Historically about 60% of the Wellington region was covered with broadleaf forest. Karaka, kohekohe, ngaio and nikau trees were common but there were also rata, rewarewa and tawa with occasional podocarps like kahikatea and rimu.[5] The whole sanctuary valley was covered with this sort of forest until European settlement of the area and the large fires in 1850 and 1860 that cleared the land to be used for farming. The lower reservoir, retained by an earth dam, was completed in 1878.[6] Parts of the area continued to be farmed up until 1906 when the remaining catchment was purchased for the water works.[6] The upper reservoir, retained by a concrete gravity arch dam, was completed in 1908.[7] From this point, as the whole valley was a protected water catchment area for Wellington city, the slopes were re-vegetated with introduced trees and the native forest also began regenerating. The upper dam was decommissioned as a reservoir about 1991, the lower one in 1997.[6]

Jim Lynch promoted the idea of a wildlife sanctuary. The "Natural Wellington" project identified the reservoir catchment as having special significance because it is a large self-contained habitat suitable for a wide variety of native plants and animals. In 1993 a feasibility study was carried out by the Wellington regional and city councils and after public consultation in 1994, the idea of a sanctuary was given the go-ahead. The Karori Wildlife Sanctuary Trust was formed in mid-1995 to implement the proposed 'mainland island' wildlife sanctuary.[8][9]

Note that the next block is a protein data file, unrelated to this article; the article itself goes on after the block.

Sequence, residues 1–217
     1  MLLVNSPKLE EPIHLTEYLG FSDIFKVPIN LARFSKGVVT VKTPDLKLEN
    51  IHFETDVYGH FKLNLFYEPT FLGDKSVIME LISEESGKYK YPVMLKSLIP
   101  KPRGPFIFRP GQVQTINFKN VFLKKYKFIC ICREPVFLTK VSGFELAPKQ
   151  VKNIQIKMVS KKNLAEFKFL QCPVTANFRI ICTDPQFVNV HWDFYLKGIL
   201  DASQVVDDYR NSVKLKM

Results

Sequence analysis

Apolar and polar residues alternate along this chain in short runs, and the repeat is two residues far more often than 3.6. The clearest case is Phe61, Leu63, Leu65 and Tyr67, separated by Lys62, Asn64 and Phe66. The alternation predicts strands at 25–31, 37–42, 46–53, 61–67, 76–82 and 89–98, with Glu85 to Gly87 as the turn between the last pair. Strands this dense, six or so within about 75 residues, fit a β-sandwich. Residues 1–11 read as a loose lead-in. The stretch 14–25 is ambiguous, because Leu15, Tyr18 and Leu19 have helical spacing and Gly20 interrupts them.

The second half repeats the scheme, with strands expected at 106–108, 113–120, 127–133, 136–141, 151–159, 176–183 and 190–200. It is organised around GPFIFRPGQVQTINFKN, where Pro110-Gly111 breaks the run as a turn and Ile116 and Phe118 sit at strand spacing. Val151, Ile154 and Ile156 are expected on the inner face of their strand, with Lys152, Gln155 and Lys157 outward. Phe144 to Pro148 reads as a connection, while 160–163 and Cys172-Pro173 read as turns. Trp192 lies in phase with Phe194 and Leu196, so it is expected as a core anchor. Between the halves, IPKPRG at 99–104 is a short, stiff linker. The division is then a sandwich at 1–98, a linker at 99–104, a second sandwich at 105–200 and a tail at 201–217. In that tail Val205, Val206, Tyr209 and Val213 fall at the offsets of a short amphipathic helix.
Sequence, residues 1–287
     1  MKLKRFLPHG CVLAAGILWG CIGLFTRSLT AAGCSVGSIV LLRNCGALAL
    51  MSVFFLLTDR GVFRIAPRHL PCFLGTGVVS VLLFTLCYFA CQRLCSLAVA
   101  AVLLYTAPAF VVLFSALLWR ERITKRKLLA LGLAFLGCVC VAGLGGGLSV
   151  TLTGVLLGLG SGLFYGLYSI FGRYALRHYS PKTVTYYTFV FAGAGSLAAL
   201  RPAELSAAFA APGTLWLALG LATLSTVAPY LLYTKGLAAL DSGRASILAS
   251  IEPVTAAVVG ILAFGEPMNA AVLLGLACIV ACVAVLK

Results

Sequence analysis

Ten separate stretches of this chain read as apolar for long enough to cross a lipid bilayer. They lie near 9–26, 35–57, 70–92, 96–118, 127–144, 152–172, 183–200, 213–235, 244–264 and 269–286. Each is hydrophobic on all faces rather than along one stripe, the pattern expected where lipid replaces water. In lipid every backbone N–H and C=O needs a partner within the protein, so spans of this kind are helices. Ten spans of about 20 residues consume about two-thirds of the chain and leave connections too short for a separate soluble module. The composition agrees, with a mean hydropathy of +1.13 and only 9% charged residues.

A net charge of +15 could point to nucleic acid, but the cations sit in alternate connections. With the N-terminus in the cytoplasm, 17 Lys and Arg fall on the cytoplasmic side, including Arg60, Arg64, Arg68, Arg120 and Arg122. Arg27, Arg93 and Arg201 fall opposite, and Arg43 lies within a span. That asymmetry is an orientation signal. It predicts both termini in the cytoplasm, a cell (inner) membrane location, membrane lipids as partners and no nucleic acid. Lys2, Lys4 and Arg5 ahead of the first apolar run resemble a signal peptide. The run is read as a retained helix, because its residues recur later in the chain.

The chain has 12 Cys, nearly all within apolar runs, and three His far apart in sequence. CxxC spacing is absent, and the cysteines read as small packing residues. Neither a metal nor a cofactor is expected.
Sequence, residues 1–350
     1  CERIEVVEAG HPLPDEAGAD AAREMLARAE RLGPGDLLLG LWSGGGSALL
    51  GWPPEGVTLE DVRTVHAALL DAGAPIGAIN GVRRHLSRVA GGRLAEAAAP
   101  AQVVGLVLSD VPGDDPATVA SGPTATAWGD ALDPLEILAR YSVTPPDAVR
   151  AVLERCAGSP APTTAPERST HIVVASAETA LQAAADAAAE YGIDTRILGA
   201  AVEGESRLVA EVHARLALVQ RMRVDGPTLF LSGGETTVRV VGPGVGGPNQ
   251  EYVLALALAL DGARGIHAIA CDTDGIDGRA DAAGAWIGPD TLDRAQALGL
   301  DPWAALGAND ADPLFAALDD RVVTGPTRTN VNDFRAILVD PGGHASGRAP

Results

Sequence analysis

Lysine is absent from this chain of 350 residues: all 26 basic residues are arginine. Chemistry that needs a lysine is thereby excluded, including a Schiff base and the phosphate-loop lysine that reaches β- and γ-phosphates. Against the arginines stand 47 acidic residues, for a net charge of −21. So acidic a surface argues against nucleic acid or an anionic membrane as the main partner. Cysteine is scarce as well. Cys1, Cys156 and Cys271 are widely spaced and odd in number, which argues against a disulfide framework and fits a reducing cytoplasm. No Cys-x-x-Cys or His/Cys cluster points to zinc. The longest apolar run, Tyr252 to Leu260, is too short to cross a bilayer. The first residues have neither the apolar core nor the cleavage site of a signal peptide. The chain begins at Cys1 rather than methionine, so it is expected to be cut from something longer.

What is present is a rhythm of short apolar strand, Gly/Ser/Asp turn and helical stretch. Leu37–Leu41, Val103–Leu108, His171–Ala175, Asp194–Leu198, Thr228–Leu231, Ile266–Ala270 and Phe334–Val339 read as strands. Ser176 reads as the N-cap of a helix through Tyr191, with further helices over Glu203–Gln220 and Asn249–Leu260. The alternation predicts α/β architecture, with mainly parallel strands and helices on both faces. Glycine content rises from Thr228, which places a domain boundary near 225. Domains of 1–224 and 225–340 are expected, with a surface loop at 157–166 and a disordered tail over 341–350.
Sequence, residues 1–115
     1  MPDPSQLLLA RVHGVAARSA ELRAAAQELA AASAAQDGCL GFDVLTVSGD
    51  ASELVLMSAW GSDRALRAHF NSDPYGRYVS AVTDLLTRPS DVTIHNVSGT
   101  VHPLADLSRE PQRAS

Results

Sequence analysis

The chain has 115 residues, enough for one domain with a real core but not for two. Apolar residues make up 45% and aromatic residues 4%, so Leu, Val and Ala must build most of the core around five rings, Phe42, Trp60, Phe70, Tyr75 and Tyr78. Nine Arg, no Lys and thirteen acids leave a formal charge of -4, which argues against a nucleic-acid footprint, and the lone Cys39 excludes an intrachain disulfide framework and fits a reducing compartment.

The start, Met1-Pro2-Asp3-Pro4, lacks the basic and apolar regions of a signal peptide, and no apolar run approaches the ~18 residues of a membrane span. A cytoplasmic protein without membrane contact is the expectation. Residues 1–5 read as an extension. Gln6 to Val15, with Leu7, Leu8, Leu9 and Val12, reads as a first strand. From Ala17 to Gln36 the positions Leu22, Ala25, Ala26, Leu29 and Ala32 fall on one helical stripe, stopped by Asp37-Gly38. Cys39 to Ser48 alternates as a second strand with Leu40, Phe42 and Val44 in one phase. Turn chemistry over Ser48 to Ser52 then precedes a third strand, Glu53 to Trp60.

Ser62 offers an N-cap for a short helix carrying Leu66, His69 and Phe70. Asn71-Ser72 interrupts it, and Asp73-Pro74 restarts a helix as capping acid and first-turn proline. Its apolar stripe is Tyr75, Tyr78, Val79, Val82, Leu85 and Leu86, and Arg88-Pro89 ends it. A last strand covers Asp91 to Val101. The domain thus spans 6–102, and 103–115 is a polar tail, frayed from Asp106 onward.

Pest-exclusion fence[edit]

A stretch of the fence

The most crucial aspect of the sanctuary is a pest-exclusion fence, designed to exclude fourteen species of non-native land mammals ranging from deer to mice, which encircles the 8.6 km perimeter of the Sanctuary.[10] Construction of the fence was completed in late 1999 and all mammalian pests within the perimeter were then eradicated over a nine-month period. This predator-proof fence is of great conservation significance, being a world first.[11]

Species to be excluded by the fence[edit]

Stoat running off after being unable to find a way through the fence.